“We Shall Overcome” - June 8th marked the 50th anniversary of one of Pete Seeger’s most important and well-known concert performances.

 

Two major civil rights issues were addressed by the Supreme Court in June, and we're reminded of Pete Seeger's contribution to civil rights 50 years ago this June.

In 1944 Swedish sociologist Gunnar Myrdahl published “An American Dilemma: The Negro Problem and Modern Democracy.” His study was an optimistic and prophetic analysis of America’s racial challenges. One of his more surprising observations was that the greatest obstacle in the way of progressive reform was the ignorance, indifference and apathy of northern whites toward the problems of racism.

Pete Seeger took Myrdahl’s revelation to heart, and in June 1963 he took up his weapons of choice and charged into a full frontal assault on northern indifference and apathy. The venue was Carnegie Hall in New York City.

1963 became a pivotal year in the civil rights movement in part because of the greater involvement of non-southern citizens in direct actions throughout the south. Seeger’s concert at Carnegie Hall on June 8th was organized to inspire and mobilize northern activists and donors to directly confront the ills of segregationist policies and the unconstitutional "traditions" of the south. The proceeds from ticket sales and donations went to voter registration drives in southern black communities, and to support the Freedom Riders efforts at integration.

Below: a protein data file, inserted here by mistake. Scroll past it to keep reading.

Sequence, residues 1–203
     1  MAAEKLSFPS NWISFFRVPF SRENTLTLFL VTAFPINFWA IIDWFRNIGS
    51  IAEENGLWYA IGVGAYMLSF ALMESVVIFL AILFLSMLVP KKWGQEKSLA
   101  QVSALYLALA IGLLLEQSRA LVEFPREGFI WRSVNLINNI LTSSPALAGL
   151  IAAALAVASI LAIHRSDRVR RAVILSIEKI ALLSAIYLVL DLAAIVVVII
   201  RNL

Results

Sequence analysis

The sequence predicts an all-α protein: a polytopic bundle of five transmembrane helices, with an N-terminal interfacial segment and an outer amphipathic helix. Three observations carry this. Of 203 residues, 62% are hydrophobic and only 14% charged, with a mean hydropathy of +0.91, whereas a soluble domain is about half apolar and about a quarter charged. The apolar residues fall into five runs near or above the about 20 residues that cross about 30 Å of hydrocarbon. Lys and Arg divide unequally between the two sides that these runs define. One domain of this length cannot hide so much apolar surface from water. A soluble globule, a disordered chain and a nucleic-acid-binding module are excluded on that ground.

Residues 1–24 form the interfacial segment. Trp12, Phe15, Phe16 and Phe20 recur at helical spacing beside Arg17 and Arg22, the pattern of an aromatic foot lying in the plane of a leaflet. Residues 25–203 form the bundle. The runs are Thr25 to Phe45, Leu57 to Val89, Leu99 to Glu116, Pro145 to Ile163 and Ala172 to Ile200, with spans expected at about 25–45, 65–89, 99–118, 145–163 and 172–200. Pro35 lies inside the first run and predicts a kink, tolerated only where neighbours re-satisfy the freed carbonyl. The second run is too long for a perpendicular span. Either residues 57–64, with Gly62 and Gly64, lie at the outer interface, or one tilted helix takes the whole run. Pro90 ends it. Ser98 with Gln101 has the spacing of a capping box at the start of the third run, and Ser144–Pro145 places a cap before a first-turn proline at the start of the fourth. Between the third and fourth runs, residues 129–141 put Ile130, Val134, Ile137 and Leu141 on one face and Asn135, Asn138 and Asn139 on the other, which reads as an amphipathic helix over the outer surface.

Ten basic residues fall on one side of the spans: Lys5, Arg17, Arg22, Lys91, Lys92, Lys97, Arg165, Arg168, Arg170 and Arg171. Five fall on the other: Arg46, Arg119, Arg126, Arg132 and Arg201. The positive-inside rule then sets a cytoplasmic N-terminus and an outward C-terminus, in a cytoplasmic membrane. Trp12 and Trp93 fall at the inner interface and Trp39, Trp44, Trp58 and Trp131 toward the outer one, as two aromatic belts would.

Seeger’s set list that night was laced with pointed topical songs like Malvina Reynold’s “Little Boxes,”  Tom Paxton’s "What Did You Learn in School Today?," and Dylan's "A Hard Rain's a-Gonna Fall.” He covered spirituals and movement songs "Keep Your Eyes on the Prize" and "If You Miss Me at the Back of the Bus," and concluded with impassioned performances of “Guantanamera” and "We Shall Overcome."

The introduction of “We Shall Overcome” into the civil rights movement has been well documented; its prior history, not so much.

A 1909 United Mine Workers Journal states that, "Last year at a strike, we opened every meeting with a prayer, and singing that good old song 'We Will Overcome.’” The substitution of the singular "I"  with the first person plural pronoun "We" marks a transition from a spiritual to a secular context. Gospel songs are about the individual; movement songs about the group. It may also be significant that the United Mine Workers in 1909 were an integrated union work force. But without knowing the lyrics and music it’s impossible to know if this quote refers to the song that became “We Shall Overcome.”